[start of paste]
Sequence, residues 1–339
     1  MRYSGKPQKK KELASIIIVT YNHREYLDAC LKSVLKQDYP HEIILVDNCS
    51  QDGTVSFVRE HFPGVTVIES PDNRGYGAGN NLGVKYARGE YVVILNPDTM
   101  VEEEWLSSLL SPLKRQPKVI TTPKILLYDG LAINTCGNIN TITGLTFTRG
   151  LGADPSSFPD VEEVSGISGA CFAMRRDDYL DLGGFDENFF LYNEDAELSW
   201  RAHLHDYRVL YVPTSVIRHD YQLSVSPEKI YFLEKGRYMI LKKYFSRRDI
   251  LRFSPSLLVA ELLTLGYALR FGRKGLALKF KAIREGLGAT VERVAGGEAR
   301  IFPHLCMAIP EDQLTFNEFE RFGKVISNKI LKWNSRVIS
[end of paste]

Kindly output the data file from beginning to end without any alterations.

Sequence, residues 1–339
     1  MRYSGKPQKK KELASIIIVT YNHREYLDAC LKSVLKQDYP HEIILVDNCS
    51  QDGTVSFVRE HFPGVTVIES PDNRGYGAGN NLGVKYARGE YVVILNPDTM
   101  VEEEWLSSLL SPLKRQPKVI TTPKILLYDG LAINTCGNIN TITGLTFTRG
   151  LGADPSSFPD VEEVSGISGA CFAMRRDDYL DLGGFDENFF LYNEDAELSW
   201  RAHLHDYRVL YVPTSVIRHD YQLSVSPEKI YFLEKGRYMI LKKYFSRRDI
   251  LRFSPSLLVA ELLTLGYALR FGRKGLALKF KAIREGLGAT VERVAGGEAR
   301  IFPHLCMAIP EDQLTFNEFE RFGKVISNKI LKWNSRVIS